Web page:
Studying RNA enzymes. The graph in the foreground shows how the enzymes catalytic activity is related to the rates at which the molecule folds and unfolds. These rates were measured by single-molecule fluorescence microscopy, where individual molecules light up as bright spots shown in the background. Also depicted, top right, is a ribbon-and-stick representation of the crystal structure of the folded RNA enzyme.
Research aimed at teasing apart the workings of RNA enzymes eventually may lead to ways of monitoring fat metabolism and might even assist in the search for signs of life on Mars, according to University of Michigan researcher Nils Walter. His latest work was published online in the Proceedings of the National Academy of Sciences June 24.
Walter and associates at U-M and colleague Xiaowei Zhuang and associates at Harvard University, use techniques that allow them to study single molecules of RNA enzymes, also known as ribozymes. Like the more familiar protein enzymes, RNA enzymes accelerate chemical reactions inside cells. Researchers want to learn how changes in ribozyme molecules affect their activity, both to better understand how evolution has shaped ribozymes to carry out their duties and to find ways of manipulating them for useful purposes.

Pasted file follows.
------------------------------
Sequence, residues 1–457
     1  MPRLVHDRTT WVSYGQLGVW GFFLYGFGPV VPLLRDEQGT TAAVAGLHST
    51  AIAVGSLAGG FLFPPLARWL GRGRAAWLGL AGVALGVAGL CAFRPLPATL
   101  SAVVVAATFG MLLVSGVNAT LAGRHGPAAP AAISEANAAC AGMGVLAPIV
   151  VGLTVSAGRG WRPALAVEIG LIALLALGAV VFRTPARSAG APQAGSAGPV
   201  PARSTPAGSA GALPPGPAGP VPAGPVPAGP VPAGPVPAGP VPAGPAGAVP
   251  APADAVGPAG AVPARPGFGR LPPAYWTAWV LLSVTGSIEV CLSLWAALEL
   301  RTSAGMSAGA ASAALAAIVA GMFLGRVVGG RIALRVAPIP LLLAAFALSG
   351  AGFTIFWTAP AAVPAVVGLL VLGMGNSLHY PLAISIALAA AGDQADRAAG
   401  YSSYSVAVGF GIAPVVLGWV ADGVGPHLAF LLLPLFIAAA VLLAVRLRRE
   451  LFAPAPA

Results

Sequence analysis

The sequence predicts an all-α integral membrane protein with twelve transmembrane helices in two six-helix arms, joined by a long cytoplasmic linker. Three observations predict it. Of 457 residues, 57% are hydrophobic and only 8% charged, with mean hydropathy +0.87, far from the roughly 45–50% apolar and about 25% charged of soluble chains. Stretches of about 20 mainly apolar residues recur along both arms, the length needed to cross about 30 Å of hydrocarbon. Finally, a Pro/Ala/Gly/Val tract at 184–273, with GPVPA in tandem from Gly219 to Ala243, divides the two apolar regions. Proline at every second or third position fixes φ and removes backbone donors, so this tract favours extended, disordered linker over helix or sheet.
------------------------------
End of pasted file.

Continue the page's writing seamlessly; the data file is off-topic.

In the recent research, Walter’s group combined a technique called single-molecule fluorescence resonance energy transfer (FRET) with mathematical simulations to study a ribozyme involved in the replication of a tobacco-infecting virus. Just as a protein enzyme is not a static structure, a ribozyme also changes shape, cycling back and forth between its compact, catalytically active form and its inactive, extended form. Single-molecule FRET allowed the researchers to directly observe and measure how quickly the ribozyme switched forms and how these rates changed when various parts of the molecule were altered.
Nancy Ross Flanigan | EurekAlert!
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